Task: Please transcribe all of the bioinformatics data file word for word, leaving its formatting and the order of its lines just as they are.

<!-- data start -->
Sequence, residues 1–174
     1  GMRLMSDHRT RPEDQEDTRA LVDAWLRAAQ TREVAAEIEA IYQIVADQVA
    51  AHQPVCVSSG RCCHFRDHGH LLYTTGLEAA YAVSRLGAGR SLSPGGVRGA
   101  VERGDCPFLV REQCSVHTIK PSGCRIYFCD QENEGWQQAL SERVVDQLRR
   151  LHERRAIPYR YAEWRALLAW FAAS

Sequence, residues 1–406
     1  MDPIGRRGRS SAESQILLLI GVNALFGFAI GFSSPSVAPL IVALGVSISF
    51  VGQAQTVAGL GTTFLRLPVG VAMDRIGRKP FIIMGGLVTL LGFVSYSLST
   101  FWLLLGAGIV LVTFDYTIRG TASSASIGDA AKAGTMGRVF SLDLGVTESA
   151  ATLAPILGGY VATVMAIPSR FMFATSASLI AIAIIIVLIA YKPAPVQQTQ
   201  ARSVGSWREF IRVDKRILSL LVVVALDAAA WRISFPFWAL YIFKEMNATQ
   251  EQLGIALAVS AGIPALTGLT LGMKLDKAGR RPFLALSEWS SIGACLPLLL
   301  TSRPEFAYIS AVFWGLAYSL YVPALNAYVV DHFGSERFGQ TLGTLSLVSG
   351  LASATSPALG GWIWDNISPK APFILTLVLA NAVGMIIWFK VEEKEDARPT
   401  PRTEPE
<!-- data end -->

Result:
Sequence, residues 1–174
     1  GMRLMSDHRT RPEDQEDTRA LVDAWLRAAQ TREVAAEIEA IYQIVADQVA
    51  AHQPVCVSSG RCCHFRDHGH LLYTTGLEAA YAVSRLGAGR SLSPGGVRGA
   101  VERGDCPFLV REQCSVHTIK PSGCRIYFCD QENEGWQQAL SERVVDQLRR
   151  LHERRAIPYR YAEWRALLAW FAAS

Sequence, residues 1–406
     1  MDPIGRRGRS SAESQILLLI GVNALFGFAI GFSSPSVAPL IVALGVSISF
    51  VGQAQTVAGL GTTFLRLPVG VAMDRIGRKP FIIMGGLVTL LGFVSYSLST
   101  FWLLLGAGIV LVTFDYTIRG TASSASIGDA AKAGTMGRVF SLDLGVTESA
   151  ATLAPILGGY VATVMAIPSR FMFATSASLI AIAIIIVLIA YKPAPVQQTQ
   201  ARSVGSWREF IRVDKRILSL LVVVALDAAA WRISFPFWAL YIFKEMNATQ
   251  EQLGIALAVS AGIPALTGLT LGMKLDKAGR RPFLALSEWS SIGACLPLLL
   301  TSRPEFAYIS AVFWGLAYSL YVPALNAYVV DHFGSERFGQ TLGTLSLVSG
   351  LASATSPALG GWIWDNISPK APFILTLVLA NAVGMIIWFK VEEKEDARPT
   401  PRTEPE